Aside from studying how kids think and interact, you want to make sure you pay attention to how they talk as well. If you can’t say whether or not your bae is on fleek or basic, then you may be a bit out of date on what the kids are saying these days. Granted, you don’t want to go overboard using today’s popular slang since it will change into something else pretty fast, but make sure you aren’t talking about how someone is “slamming” or “fly” when no one uses those expressions anymore.
3. Know your Market!
If you want to write for children’s literature, mid-grade or young adult, then make sure you write the kinds of stories that fit into these very specific genres. You can’t just write any story and call it Young Adult. You have to fit into the parameters recognized by the industry.
Surprisingly, this doesn’t really mean censorship. As mentioned above, it’s okay to deal with challenging subjects, even if you are writing for younger audiences. Pictures books exist that talk about dealing with a parent in prison. Kids can have sex and use the “F” word in Young Adult. You don’t have to go down this route if it doesn’t appeal to you or work for your characters, but don’t feel like you have to cut back on the dark stuff just because of your market.
One of the parameters that does matter is the age of your protagonist. The protagonist of a Mid-Grade book is usually 10-12 years old (no age 13!), while the protagonist of a Young Adult novel tends to be 14-17. Once you hit those college aged years (18-20 something), you are really writing more for New Adult, which is its own strange genre that has had trouble gaining traction outside of the ebook romance genre.
Equally important to look at is the word or page counts for each kind of book (only 32 pages with about 500-600 words on each page are allowed for picture books, 20,000-55,000 words for middle grade, and 55,000-70,000 for young adult). These really aren’t negotiable if you plan to publish traditionally.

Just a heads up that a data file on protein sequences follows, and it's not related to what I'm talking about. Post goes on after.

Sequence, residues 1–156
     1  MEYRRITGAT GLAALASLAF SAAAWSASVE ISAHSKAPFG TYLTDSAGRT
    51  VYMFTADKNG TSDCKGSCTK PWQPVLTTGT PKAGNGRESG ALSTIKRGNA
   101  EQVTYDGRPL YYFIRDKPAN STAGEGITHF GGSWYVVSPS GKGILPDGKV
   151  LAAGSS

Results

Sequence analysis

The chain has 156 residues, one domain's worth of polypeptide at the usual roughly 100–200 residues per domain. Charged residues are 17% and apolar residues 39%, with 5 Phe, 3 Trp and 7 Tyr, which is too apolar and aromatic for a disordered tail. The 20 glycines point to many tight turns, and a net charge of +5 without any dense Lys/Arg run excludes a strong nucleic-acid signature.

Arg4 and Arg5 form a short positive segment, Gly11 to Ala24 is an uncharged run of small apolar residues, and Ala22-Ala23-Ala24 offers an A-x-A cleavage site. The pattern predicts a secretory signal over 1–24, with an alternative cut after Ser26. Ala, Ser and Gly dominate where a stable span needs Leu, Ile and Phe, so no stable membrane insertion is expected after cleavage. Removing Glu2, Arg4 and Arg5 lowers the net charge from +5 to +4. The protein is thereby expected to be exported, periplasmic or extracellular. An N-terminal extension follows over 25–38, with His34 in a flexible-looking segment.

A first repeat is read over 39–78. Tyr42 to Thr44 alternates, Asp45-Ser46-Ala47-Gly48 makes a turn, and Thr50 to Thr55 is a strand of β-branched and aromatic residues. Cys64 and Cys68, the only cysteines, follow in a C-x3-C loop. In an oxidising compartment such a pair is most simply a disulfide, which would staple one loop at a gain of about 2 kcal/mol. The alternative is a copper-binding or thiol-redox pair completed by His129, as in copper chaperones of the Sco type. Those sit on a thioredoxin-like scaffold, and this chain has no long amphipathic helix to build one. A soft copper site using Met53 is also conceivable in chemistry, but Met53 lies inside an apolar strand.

4. Work Collaboratively and Professionally!
Some of these genres includes the opportunity to work with illustrators (either for page by page illustrations or just for cover art). Keep in mind that sometimes, you will have the chance to work closely with an illustrator, as comic writer Roland Mann had the chance to do many times. He was able to give page by page recommendations of what needed to happen in each comic panel to his illustrator.
Beth Revis was asked to draw up a space ship to help with the cover design of her bestselling title Across the Universe, although she admitted she isn’t very good at drawing and really allowed her cover artist to do the hard work. And she was grateful she didn’t have to design her cover herself!
If you get the chance to work with an illustrator, make sure to clearly communicate your thoughts about what you want, but don’t get bossy about it. Be polite and professional, and realize that chances may need to be made for one reason or another.
Granted, in many cases, you won’t have any say about what the illustrations or cover art will look like at all. Julie Anne Wight would send in her picture book manuscripts to her publisher and have no idea what the illustrations would look like until the finished book was released, although she was almost always happy with what she saw in the end.
However, horror stories exist. One writer got a mock up of one of her covers back only to realize the artist gave her protagonist the wrong ethnicity! Fortunately, it was fixed before the book’s release.
Just remember that letting go of what happens with the illustrations is part of the industry. You want to speak up if you see something that doesn’t quite work, but make sure you do it in a way that doesn’t make the publisher question if they want to work with you again. If you have an agent, this is a great time to use her or him! If you don’t like your art or cover, get your agent to play the bad cop and speak up for you!
I know this was a very brief recap of the panel, but I hope it gives you some guidelines for writing for younger audiences.
Do you write for audiences of a different age range than yourself? What do you to make sure you are writing age-appropriately?
#1 by Carole Dent on November 25, 2015 - 12:12 pm
I don’t write for teens or young adults specifically but found your article very informative. It makes you think.
#2 by lvgaudet on January 21, 2016 - 4:02 pm
Reblogged this on Vivian Munnoch, Author.